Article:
On Monday, July 1, 2019, Kerwin K. Charles started his term as the Indra K. Nooyi Dean of the Yale School of Management. Charles, who was also named professor of economics, policy, and management, previously served as the Edwin A. and Betty L. Bergman Distinguished Service Professor at the University of Chicago’s Harris School of Public Policy.
Charles is an accomplished scholar and educator who has studied and published on topics including earnings and wealth inequality, conspicuous consumption, race and gender labor market discrimination, the intergenerational transmission of economic status, worker and family adjustment to job loss and health shocks, non-work among prime-aged persons, and the labor market consequences of housing bubbles and sectoral change.
In a message to the SOM community, Charles stressed the importance of the Yale SOM mission to educate leaders for business and society. “I know from the passion I have heard when Yale SOM faculty, alumni, students, and staff speak about the mission that it is more than just words; it is the animating spirit and organizing purpose of the school,” he wrote. “That kind of commitment has never been more desperately important. Solutions to countless problems, both in the U.S. and globally, require command of the skills and insights we develop here at the Yale School of Management.”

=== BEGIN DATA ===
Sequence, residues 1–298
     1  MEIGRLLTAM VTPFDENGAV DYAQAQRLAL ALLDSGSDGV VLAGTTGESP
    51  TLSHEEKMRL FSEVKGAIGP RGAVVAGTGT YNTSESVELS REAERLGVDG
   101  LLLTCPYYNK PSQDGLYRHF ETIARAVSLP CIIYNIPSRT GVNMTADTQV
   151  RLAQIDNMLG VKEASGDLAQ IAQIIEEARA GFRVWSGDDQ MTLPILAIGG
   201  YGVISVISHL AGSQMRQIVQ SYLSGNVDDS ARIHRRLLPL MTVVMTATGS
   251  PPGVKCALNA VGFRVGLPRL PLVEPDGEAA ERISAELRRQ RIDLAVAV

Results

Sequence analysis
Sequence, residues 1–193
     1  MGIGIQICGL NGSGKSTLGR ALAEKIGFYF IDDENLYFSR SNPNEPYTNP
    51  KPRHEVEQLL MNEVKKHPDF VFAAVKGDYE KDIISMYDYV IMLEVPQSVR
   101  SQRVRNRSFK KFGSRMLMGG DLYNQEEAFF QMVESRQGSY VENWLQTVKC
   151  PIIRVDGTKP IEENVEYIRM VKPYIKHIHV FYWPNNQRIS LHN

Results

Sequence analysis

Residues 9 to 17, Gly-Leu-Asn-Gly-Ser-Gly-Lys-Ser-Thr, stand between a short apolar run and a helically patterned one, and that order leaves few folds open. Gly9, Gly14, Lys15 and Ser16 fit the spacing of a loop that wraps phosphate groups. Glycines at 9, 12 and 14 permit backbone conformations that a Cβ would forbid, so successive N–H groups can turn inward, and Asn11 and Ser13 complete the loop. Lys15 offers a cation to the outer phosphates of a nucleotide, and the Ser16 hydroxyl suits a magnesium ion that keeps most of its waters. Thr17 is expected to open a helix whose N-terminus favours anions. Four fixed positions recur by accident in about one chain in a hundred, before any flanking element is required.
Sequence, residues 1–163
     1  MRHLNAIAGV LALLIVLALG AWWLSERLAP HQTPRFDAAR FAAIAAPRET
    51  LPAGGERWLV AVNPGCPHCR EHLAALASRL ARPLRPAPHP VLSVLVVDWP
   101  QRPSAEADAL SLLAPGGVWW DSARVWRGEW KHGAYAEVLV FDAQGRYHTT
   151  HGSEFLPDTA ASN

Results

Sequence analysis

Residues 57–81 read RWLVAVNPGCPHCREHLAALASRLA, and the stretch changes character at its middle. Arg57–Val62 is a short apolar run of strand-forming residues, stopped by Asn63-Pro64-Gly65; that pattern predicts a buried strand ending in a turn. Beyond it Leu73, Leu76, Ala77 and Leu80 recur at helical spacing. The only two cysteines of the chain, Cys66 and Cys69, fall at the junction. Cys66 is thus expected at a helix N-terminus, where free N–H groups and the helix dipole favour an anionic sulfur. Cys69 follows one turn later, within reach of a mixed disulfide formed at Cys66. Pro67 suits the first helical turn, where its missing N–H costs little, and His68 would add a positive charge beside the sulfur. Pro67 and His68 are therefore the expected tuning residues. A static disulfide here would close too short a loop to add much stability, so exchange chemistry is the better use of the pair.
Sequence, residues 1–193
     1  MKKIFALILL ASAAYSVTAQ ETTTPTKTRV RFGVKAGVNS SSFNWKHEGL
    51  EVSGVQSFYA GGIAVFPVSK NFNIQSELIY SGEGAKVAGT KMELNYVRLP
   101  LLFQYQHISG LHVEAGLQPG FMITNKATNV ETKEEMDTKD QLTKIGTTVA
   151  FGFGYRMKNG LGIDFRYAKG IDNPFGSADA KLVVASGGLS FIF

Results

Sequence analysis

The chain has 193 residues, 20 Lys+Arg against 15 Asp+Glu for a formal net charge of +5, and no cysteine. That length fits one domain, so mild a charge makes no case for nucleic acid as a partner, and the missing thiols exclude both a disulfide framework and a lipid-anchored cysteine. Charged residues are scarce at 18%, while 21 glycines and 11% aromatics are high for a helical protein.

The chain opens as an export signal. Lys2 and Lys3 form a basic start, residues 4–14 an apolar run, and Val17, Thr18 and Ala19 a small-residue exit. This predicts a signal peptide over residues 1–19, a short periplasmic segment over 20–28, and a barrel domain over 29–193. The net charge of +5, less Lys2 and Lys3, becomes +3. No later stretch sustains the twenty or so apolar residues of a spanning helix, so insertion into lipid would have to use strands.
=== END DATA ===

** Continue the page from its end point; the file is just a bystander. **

Charles also introduced himself to the community and outlined how his belief in academic inquiry motivates and directs his efforts. “We are all engaged in the great work of the university—to discover and disseminate truths. I find that exhilarating. It requires conversation, eagerness for exchange, and willingness to hear differing points of view. Truth is often uncovered in the collision of ideas, and this means we must talk, we must represent our own best ideas, and we must strain against rigid certainties that keep us from really hearing each other.”
Charles succeeds Edward A. Snyder, who led the school from 2011 until 2019. During Snyder’s deanship, the school deepened its connections to Yale University, creating courses in entrepreneurship and other subjects that draw students from across the university; extended its global reach—most notably by founding the 30-school Global Network for Advanced Management; and furthered a mission-based approach to management education. Charles commented, “We are starting from a position of great strength following the strategic work done by Ted Snyder and the expansive team of faculty, staff, alumni, and friends who rallied behind his leadership.”